1. This revision is directed against the order of the learned III Additional District Munsif, Guntur, in O. S. No. 652 of 1975 on the file of his Court. The first petitioner is the Andhra Pradesh State Electricity Board, represented by its Deputy Chief Accountant, Revenue Office. Guntur. The second petitioner is the Assistant Engineer, Andhra Pradesh State Electricity Board (Operation), Guntur. The respondent is the Director of M/s. Nava Bharat Enterprises (Private) Ltd., Guntur.
2. The respondent has been in personal occupation of a building in Guntur in his capacity as the Director of M/s. Nava Bharat Enterprises (Private) Ltd., Guntur. The petitioners supplied electricity under the service connection No. 15605 (11) of B3 Zone. The 1st petitioner passed an order for collection of Rs. 10,549-25 P. from the respondent on the ground that the service connection to the building occupied by the respondent could not be classified under category II, as it was not solely used for domestic purposes, but it should be classified under category III, as it was being used as bungalow. A bill was issued by the petitioners demanding the respondent to pay a sum of Rs. 20,005-65 P. and threatening to disconnect the supply of electricity to the respondent, if the amount was not paid on or before 14-5-1975. The respondent instituted the suit for a declaration that the order passed by the 1st petitioner and the bill issued by the second petitioner are illegal and invalid and also for a permanent injunction restraining the petitioners from disconnecting the supply of electricity to the respondent. The petitioners filed a written statement contending that the respondent obtained the supply of electricity on the specific agreement that the electrical energy would be consumed only for domestic purposes and that he however used the building not merely for his personal occupation but also as a guest house for distinguished visitors and thus rendered himself liable to be charged under category III, but not under Category II. It is further contended that the order passed by the 1st petitioner and the bill issued by the second petitioner are valid and proper and that they are binding on the respondent. Yet another contention of the defendants was that the Court had no jurisdiction to entertain the suit, as thevalue of the subject-matter is Rs. 20,000 and odd. It is also contended that the court-fee paid by the plaintiff valuingthe relief at Rs. 1,000/- under Section 24(d) of the Andhra Pradesh Court-fees and Suits Valuation Act, is illegal and improper.
3. On the request of both the parties the issues relating to the court-fee and jurisdiction were tried as preliminary issues and the learned District Munsif held in favour of the respondent on both the issues. The petitioner thereupon came up to this Court with this revision application.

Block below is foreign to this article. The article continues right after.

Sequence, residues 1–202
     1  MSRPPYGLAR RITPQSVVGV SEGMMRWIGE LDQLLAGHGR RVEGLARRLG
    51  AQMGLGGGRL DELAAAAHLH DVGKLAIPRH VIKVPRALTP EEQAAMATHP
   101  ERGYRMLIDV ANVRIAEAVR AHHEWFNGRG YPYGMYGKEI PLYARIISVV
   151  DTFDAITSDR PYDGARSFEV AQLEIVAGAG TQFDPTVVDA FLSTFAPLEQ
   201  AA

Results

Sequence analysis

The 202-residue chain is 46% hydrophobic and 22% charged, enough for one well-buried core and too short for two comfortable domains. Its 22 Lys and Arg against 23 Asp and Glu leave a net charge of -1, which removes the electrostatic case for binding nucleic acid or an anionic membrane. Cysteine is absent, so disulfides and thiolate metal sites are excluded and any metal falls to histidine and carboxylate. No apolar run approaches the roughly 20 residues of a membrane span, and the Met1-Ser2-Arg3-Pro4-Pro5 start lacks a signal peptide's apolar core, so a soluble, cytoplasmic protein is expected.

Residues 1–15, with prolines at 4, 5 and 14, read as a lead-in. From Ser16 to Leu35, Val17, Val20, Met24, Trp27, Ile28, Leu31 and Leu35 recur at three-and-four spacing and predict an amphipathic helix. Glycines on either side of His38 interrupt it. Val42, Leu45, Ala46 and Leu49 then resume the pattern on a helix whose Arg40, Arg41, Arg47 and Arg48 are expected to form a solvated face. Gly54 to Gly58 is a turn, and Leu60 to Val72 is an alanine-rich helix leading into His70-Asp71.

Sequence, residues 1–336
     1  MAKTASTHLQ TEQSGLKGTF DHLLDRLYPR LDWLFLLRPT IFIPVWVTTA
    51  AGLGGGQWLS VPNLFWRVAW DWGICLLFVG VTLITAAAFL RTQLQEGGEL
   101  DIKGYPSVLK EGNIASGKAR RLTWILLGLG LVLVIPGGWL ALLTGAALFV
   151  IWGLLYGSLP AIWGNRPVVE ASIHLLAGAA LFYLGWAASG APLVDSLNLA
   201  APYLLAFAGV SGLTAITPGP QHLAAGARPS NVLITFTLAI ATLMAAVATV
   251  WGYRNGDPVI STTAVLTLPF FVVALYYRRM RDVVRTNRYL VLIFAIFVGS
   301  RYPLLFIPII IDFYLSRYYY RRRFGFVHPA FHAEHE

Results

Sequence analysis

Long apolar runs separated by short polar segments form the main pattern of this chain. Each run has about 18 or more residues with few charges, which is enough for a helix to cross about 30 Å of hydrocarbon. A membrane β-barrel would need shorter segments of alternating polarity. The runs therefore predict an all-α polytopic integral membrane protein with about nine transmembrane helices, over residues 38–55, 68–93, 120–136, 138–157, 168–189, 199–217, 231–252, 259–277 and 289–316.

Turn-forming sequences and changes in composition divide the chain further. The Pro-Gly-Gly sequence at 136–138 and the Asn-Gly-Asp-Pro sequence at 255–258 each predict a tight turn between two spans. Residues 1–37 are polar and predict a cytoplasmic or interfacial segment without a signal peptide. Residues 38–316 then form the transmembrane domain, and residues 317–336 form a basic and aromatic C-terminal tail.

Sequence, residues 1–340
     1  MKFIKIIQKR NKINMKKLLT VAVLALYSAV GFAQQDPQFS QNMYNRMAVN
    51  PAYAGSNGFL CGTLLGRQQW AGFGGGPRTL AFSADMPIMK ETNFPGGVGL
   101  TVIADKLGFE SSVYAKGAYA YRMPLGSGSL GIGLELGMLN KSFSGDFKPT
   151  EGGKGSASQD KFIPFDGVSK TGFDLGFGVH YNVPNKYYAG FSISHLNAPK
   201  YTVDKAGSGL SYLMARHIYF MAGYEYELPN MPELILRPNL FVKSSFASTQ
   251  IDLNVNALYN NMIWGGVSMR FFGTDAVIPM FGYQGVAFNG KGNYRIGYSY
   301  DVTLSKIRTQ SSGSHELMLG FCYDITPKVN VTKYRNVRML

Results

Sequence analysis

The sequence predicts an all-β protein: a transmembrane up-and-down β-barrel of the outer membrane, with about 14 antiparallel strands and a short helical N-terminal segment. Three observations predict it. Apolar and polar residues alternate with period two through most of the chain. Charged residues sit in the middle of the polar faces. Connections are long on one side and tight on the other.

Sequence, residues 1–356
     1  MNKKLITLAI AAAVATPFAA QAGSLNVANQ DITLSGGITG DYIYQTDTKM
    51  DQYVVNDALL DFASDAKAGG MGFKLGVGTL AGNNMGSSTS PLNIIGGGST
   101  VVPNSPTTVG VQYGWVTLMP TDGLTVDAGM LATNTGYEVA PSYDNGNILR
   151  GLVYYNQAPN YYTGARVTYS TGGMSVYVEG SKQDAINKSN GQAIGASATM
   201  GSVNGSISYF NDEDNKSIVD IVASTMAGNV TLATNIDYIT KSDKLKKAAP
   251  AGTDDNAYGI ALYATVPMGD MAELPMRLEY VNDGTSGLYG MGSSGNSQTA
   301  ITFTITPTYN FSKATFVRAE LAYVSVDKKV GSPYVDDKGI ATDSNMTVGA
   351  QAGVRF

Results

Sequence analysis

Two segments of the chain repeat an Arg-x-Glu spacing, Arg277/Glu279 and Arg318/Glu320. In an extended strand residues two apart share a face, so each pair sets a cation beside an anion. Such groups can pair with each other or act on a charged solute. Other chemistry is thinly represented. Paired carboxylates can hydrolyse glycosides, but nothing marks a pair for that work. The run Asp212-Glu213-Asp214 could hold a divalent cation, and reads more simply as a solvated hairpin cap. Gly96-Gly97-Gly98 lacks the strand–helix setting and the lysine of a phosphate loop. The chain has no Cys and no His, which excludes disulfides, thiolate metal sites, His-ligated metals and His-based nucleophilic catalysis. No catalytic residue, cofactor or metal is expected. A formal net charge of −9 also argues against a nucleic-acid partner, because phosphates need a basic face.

4. Sri G. Narayana Rao, the learned Counsel for the respondent raised a
preliminary objection in regard to the maintainability of revision. He contends that a question of court-fee payable on
a plaint is purely a matter between the plaintiff and the State and that the defendant in the suit has no right to raise the question of court-fee. In support of his contention. Sri G. Narayana Rao relies on Rathnavarmaraja v. Vimla, : 3SCR1015 and Subhadramma v. Palakasha, : AIR1975AP165 .
5. The Court-fees Act is no doubt intended to collect revenue for the benefit of the State and the provisions therein cannot be construed as any weapons of defence for the defendant. Any decision by a Court in regard to the adequacy or in-adequacy of the court-fee paid by the plaintiff may result in a grievance either on the part of the State or On the part of the plaintiff and
the defendant cannot however feel aggrieved with such a decision. Section 11(2) of the Andhra Pradesh Court-fees and Suits Valuation Act, 1956 gives a statutory right to the defendant to plead that the Court-fee paid is not sufficient; but this right cannot be extended to a right of revision also, if the Court decides against his plea. Section 11(2) of the Andhra Pradesh Court-fees and Suits Valuation Act is the same as Section 12(2) at the Madras Court-fees and Suits Valuation Act. Considering the effect of Section 12(2) of the Madras Court-fees and Suits Valuation Act, their Lordships of the Supreme Court in Rathnavarmaraja v. Vimla : 3SCR1015 (supra) observed as follows (at Pp. 1300-1301):
'But this section only enables the defendant to raise a contention as to theproper court-fee payable on a plaint and to assist the Court in arriving at a just decision on that question. Our attention has not been invited to any provision of the Madras Court-fees Act or any other statute which enables the defendant to move the High Court in revision against the decision of the Court of first instance on the matter of Court-fee payable in a plaint.........The anxiety of the Legislature to collect Court-fee from the litigant is manifest from the detailed provisions made in Ch. III of the Act, but those provisions do not arm the defendant with a weapon of technicality to obstruct the progress of the suit by approaching the High Court in revision against an order determining the Court-fee payable.'